From the mid to late 19th century, Guatemala experienced chronic instability and civil strife. Beginning in the early 20th century, it was ruled by a series of dictators backed by the United Fruit Company and the United States government. In 1944, authoritarian leader Jorge Ubico was overthrown by a pro-democratic military coup, initiating a decade-long revolution that led to sweeping social and economic reforms. A U.S.-backed military coup in 1954 ended the revolution and installed a dictatorship.
From 1960 to 1996, Guatemala endured a bloody civil war fought between the US-backed government and leftist rebels, including genocidal massacres of the Maya population perpetrated by the military. Since a United Nations-negotiated peace accord, Guatemala has witnessed both economic growth and successful democratic elections, though it continues to struggle with high rates of poverty, crime, drug trade, and instability. As of 2014, Guatemala ranks 31st of 33 Latin American and Caribbean countries in terms of the Human Development Index.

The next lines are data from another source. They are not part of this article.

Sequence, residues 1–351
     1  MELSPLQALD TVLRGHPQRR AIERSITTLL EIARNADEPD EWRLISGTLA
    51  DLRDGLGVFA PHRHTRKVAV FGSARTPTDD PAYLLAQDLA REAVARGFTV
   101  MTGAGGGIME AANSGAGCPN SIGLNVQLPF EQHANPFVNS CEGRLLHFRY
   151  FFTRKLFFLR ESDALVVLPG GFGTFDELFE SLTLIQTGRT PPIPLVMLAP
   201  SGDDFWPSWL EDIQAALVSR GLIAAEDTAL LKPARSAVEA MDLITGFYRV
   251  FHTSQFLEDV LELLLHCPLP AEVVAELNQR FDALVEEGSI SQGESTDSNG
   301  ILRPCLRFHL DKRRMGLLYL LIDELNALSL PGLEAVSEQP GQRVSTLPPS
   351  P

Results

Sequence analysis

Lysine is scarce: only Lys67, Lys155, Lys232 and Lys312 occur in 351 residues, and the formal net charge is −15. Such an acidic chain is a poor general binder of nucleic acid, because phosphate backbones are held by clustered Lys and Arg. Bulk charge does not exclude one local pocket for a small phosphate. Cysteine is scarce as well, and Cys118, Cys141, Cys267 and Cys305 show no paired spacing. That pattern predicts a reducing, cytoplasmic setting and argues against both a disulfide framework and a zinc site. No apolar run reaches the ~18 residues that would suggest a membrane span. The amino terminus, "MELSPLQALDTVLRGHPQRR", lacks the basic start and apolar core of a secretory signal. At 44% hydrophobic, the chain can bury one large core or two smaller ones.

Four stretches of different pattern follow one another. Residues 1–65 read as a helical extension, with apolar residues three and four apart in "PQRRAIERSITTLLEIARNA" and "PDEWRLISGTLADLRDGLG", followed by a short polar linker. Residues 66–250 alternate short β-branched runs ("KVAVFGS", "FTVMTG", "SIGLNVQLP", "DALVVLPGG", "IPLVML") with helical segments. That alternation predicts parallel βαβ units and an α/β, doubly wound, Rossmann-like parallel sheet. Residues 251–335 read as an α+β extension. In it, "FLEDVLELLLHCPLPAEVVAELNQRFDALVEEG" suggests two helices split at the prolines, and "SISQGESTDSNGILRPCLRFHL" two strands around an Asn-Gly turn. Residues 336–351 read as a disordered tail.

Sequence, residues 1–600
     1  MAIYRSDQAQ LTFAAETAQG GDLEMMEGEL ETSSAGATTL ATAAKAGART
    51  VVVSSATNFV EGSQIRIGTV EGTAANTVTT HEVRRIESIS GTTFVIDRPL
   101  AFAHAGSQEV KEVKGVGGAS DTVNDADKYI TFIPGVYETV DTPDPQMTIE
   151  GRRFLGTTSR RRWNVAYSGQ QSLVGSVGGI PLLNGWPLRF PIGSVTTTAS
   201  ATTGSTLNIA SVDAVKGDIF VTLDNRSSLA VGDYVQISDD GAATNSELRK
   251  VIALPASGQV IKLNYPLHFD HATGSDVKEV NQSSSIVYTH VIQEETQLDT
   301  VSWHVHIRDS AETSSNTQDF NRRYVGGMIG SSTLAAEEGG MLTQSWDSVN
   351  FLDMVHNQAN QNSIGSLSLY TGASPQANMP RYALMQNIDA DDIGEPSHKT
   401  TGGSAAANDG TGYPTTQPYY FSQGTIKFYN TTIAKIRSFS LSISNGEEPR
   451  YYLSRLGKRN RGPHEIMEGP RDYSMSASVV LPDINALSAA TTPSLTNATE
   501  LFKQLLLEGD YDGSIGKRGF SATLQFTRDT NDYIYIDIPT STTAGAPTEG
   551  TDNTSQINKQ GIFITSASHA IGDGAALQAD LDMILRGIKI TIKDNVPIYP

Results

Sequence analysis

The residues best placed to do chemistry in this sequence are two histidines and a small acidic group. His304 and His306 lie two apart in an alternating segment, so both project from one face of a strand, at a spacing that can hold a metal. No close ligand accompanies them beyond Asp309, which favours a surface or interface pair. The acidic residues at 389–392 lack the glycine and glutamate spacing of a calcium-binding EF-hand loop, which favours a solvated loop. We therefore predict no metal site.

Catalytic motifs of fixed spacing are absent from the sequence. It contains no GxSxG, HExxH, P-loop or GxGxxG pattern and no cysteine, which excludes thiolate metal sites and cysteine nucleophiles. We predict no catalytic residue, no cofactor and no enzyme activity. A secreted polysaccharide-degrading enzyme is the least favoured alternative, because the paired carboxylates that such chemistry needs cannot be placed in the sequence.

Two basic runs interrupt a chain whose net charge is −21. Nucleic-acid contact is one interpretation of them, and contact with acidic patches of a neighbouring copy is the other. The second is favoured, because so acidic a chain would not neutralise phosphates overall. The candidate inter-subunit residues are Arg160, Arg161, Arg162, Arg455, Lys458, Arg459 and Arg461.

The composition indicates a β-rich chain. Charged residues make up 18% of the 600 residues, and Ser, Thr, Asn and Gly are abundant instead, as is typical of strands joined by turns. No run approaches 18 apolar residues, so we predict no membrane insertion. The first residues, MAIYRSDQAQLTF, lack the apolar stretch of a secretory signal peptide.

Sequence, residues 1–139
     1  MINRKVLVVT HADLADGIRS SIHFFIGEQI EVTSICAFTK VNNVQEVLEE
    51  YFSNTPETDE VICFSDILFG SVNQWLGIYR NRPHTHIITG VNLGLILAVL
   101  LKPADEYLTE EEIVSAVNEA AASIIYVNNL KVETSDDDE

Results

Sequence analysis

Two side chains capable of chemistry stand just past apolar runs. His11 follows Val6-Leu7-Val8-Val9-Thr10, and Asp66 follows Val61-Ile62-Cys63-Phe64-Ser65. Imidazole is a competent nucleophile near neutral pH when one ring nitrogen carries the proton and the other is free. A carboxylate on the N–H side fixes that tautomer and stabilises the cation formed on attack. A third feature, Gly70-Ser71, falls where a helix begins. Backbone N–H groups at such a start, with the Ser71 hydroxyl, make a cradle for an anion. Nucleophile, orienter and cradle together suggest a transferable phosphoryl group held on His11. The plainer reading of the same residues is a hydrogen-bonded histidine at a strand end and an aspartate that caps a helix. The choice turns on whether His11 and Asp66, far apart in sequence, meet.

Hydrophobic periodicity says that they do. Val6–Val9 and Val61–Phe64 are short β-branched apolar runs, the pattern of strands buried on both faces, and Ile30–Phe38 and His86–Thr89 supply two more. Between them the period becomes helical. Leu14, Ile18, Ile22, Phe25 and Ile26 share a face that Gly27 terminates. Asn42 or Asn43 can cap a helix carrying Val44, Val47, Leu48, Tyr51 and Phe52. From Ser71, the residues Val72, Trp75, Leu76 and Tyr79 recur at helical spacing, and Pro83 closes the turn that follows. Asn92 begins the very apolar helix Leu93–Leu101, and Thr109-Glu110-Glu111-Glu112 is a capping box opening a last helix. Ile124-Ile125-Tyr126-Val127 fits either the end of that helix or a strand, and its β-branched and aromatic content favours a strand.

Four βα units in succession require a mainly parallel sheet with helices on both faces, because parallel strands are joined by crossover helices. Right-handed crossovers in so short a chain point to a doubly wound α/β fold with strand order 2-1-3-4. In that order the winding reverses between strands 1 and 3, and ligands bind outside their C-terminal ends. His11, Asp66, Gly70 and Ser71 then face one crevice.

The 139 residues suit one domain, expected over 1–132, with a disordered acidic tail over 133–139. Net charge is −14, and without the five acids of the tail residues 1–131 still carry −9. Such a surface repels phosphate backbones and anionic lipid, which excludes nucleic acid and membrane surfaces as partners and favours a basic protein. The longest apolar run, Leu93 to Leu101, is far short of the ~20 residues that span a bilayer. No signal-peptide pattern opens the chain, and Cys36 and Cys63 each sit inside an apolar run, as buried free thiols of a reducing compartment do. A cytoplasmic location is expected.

Hence, Guatemala is another example of the torment to which the US has subjected certain central American nations in the just struggle against global communism. Our support of tyranny because the other alternative was totalitarian is, ja, not a solution, but a use of other nations as an instrument for our own purposes. Now the drug trade has made matters even worse. WE OWE THEM BIG TIME.
No Communism, tyranny and Drug lords in Central America. We need first to find noble Guatemalans who want to make free government work, second work to save and help victims, and third get ready to take some risks.